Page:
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Row as disabled group leave club... over toilet

Kim Jensen outside the Progress Club, Exchange Street, Blackpool.

Kim Jensen outside the Progress Club, Exchange Street, Blackpool.

 

A long-running social group for disabled people in Blackpool is to be moved – because the current venue does not have a disabled toilet.

Users of the Thursday Club, which is held at the Progress Club on Exchange Street, have been told that it is to be moved after the charity, which has taken over the running of the group from Blackpool Council, raised concerns over the lack of disabled facilities.

Empowerment, a Blackpool charity which helps vulnerable people, said there was no disabled toilet or suitable fire exit at the club, which caters for people with learning disabilities.

The popular group has been run at the Progress Club for four years, offering lunch and activities including pool, bingo and karaoke for up 30 people at a time.

Blackpool Council had employed two staff to run the group, and had not raised any issues over the absence of disabled facilities.

But in November the council decided to contract out the service to Empowerment.

At first the charity continued to run the group from the Progress Club but it has now decided it must be relocated after carrying out a risk assessment.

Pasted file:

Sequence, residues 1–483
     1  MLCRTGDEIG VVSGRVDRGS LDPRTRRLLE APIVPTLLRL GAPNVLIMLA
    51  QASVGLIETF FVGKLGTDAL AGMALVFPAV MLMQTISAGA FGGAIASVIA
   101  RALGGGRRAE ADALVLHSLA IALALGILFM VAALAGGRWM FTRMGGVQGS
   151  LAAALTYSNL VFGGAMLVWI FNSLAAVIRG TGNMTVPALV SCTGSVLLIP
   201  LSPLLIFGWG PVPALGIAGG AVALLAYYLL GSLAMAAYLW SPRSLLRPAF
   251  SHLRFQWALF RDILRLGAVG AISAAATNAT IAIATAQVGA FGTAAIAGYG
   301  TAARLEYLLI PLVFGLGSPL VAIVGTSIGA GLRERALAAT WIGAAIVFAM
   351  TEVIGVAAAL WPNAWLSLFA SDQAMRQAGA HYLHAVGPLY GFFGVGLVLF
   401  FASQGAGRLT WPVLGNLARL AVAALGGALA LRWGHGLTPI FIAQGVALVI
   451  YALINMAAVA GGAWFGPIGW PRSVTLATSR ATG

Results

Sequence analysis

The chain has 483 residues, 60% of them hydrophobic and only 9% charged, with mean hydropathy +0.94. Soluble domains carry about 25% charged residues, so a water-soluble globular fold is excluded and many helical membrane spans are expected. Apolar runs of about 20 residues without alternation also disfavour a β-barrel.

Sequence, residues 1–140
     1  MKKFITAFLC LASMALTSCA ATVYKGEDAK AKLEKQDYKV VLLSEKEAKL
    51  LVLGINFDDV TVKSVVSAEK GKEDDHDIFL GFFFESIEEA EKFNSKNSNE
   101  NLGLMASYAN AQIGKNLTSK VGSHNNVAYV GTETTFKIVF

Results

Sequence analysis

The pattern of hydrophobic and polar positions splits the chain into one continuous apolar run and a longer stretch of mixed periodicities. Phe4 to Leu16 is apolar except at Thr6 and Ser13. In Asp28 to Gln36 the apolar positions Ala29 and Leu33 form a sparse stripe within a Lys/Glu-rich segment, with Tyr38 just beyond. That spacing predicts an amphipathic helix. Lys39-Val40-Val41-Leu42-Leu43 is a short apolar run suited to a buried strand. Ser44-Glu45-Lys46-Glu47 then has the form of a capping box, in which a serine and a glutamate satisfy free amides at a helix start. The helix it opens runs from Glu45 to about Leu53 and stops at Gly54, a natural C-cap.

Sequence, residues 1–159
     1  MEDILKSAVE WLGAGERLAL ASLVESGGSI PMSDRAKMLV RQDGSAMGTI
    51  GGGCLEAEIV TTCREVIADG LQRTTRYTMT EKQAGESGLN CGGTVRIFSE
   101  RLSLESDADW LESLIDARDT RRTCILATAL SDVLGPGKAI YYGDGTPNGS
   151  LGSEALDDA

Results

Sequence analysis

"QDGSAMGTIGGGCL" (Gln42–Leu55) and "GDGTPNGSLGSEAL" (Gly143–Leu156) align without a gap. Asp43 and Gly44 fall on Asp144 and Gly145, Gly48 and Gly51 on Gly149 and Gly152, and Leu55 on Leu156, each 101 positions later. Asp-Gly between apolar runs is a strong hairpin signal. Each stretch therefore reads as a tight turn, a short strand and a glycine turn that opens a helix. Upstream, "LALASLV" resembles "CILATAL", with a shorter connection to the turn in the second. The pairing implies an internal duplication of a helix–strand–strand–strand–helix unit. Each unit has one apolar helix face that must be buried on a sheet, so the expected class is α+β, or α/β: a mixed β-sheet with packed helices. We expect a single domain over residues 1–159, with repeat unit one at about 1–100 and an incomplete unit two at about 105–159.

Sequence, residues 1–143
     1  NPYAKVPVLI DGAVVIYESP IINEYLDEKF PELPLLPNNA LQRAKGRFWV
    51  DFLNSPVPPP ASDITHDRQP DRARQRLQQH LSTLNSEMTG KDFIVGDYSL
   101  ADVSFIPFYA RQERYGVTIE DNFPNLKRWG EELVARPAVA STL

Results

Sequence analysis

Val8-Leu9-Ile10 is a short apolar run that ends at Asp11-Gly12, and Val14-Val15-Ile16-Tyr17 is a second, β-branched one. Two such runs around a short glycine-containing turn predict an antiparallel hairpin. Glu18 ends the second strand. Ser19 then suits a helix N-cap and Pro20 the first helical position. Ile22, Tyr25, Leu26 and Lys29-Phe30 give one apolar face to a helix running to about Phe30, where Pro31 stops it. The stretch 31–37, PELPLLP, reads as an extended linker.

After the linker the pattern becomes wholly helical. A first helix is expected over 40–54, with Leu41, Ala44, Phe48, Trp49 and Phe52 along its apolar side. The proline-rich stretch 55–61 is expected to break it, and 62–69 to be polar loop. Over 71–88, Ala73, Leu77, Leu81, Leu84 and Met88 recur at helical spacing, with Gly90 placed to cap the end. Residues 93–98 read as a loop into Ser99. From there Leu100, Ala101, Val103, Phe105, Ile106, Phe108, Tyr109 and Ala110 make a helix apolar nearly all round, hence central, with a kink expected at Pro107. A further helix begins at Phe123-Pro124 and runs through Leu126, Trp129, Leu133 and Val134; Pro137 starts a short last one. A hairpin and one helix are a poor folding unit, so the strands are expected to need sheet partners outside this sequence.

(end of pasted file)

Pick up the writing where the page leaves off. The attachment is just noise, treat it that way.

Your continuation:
Empowerment will now continue to run the group on Thursdays at the Wainwright Club on Hornby Road.

And that has left group members at the centre of a tug of war, with Progress Club manager Kim Jensen vowing to continue hosting the group at the same time using volunteers.

Mr Jensen claimed that nobody had been consulted about the move.

He said the club had not been given the option of installing a disabled toilet, despite the fact it is currently carrying out refurbishment work, adding that only one wheelchair user currently attended the group.

Mr Jensen also said the fire exit passage could accommodate a wheelchair.

“The group has been run here for four years without any problems, so we are giving users the chance to stay where they are and we want to open it up to more people,” he said.

“I’ve spoken to some of the carers and they say they still want to come here because people with learning disabilities do not always react well to change. It’s not nice for them to suddenly be told they have to move.

“Group members here get the chance to mingle with other people who are using the club so it really is a community thing and nobody treats them any differently.”

Empowerment chief executive, Ellen Miller said the activities available at the new session at the Wainwright Club would be extended to include things like trips out and arts and crafts.

She said: “We have fully qualified staff who are experts in supporting people with learning disabilities but we empower those people to lead the activities themselves.

“You often find that people with learning disabilities have mobility problems but the Progress Club is not wheelchair friendly and we were unable to take these people when they were referred to us.

“It’s a shame because Kim has done lots for these people but it’s just not a good facility.”

Access to the group at the Wainwright Club will also be free but the hours will be from 11am-2pm rather than 10am-3pm at the Progress Club, which Ms Miller said was too tiring for some users.

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